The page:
I could ramble on about this at length, however, my point is that the trip opened our eyes up to the challenges the budding country had and the challenges that our current nation still faces.  It also further reinforced the notion that our government was established not to dole out rights like rewards or provide us with everything we need to survive on a daily basis, however it was established to make sure that no one or government could encroach on our basic rights.  This was configured so that nothing could stand in our way as citizens who were using their minds and bodies to create a better life for themselves.  It was not originally contrived as a crutch on which to lean out of lack of ingenuity and effort.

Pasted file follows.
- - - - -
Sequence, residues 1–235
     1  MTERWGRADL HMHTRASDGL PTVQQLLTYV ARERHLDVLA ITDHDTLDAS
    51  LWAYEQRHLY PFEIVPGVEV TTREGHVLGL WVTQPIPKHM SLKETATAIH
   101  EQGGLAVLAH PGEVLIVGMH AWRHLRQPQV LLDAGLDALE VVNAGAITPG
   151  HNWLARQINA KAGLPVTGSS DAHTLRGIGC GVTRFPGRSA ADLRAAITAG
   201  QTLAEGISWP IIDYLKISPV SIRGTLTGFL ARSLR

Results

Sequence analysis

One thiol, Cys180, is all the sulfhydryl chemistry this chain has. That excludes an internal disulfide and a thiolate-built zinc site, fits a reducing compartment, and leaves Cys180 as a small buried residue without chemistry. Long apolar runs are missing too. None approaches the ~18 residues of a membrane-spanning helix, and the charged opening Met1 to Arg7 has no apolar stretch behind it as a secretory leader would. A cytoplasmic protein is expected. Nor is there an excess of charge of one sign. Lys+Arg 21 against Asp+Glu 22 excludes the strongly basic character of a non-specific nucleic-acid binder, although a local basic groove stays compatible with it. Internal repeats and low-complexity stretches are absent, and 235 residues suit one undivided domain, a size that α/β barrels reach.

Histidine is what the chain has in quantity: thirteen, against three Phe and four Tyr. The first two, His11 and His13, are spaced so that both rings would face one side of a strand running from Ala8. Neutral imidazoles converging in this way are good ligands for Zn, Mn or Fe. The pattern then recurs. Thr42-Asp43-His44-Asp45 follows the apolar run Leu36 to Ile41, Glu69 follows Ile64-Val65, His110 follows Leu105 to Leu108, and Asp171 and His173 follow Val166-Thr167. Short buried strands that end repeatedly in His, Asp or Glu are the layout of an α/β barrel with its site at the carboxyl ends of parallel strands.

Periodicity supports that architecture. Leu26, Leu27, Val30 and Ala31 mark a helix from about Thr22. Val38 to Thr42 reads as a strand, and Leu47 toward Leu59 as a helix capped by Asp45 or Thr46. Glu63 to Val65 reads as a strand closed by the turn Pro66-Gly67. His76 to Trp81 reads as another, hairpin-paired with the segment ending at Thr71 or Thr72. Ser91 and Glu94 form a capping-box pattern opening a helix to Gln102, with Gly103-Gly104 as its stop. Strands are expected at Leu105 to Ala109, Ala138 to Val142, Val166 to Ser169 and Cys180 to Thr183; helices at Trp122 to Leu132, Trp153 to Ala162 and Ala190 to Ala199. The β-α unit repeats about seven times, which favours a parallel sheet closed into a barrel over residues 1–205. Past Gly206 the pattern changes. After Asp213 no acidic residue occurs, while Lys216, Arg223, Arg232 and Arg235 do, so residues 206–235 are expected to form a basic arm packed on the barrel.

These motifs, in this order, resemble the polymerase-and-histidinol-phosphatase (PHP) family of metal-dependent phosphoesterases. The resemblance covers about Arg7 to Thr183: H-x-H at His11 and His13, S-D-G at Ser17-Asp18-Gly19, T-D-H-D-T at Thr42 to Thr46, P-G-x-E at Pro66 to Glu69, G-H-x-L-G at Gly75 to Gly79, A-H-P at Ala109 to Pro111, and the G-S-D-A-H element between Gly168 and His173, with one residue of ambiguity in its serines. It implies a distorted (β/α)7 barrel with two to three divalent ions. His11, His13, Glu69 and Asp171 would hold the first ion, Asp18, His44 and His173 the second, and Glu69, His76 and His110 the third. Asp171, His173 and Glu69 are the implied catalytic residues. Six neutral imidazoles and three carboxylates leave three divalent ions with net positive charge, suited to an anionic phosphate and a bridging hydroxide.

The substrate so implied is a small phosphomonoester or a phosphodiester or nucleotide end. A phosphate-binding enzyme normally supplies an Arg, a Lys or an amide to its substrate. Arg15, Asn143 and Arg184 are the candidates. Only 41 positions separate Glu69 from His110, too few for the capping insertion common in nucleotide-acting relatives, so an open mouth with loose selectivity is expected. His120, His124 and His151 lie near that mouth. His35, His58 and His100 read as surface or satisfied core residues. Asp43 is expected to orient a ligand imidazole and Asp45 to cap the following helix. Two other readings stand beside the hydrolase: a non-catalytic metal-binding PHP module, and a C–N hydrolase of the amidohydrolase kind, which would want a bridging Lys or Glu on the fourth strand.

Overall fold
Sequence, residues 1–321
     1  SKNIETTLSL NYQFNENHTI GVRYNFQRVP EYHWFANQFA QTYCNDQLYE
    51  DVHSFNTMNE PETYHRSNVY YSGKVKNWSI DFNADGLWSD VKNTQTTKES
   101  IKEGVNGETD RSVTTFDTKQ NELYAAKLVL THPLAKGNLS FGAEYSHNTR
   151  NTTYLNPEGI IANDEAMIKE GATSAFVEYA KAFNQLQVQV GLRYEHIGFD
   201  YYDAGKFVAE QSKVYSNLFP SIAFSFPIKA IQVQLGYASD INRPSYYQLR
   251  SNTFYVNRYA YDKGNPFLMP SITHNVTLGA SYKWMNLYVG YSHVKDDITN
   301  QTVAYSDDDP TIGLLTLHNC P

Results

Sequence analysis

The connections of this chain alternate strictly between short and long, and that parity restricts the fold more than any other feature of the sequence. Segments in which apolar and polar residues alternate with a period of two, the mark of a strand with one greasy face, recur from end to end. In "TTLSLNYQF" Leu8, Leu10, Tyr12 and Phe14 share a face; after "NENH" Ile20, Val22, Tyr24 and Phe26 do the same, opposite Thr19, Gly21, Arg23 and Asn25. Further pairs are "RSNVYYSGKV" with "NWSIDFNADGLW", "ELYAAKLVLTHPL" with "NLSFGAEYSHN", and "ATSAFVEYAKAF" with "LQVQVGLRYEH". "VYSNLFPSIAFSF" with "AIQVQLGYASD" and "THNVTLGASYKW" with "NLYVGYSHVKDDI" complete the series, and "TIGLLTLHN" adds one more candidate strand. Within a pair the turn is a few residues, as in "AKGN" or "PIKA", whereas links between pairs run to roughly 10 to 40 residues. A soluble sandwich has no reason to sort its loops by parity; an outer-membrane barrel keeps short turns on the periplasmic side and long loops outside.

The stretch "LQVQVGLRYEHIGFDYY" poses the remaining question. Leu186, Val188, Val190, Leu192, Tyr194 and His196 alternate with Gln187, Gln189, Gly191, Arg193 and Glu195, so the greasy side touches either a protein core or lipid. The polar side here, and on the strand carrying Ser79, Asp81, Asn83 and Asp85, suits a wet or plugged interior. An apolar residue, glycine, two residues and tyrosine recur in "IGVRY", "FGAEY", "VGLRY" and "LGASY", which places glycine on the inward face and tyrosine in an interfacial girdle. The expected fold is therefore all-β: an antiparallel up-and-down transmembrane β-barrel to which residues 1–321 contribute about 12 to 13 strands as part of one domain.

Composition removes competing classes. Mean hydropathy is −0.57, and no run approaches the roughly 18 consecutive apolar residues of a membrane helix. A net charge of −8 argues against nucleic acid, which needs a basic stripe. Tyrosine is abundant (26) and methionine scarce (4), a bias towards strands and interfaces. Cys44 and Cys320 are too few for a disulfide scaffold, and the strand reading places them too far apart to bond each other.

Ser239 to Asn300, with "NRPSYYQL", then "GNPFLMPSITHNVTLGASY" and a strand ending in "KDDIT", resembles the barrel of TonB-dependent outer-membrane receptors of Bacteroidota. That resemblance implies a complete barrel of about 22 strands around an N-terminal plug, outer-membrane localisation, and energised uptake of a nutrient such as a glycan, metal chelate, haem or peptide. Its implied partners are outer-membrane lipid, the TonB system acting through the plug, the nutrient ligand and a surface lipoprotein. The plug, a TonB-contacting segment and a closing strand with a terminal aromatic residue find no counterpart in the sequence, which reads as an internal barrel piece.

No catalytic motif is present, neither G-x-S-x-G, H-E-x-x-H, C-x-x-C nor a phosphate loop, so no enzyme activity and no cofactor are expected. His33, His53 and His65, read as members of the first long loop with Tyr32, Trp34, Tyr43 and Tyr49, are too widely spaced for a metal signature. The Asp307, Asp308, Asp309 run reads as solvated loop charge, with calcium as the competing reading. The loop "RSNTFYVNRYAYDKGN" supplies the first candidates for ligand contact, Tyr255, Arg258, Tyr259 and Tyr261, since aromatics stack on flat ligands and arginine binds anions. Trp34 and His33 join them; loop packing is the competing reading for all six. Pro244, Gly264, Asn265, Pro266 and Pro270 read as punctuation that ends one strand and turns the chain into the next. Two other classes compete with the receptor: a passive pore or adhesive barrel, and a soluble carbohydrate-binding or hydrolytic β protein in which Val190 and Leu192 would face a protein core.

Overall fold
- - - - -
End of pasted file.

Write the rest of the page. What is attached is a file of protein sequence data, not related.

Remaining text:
We could all use a little more "schooling" on our country's foundation and three days did nothing but "whet" my appetite to educate myself more on this subject. If you get the chance, jump on 85N, head over to Petersburg, check out the battlefield and Blandford Church, take Scenic Route 5 which winds with the James River and then head into the Historic Triangle for a step back in time.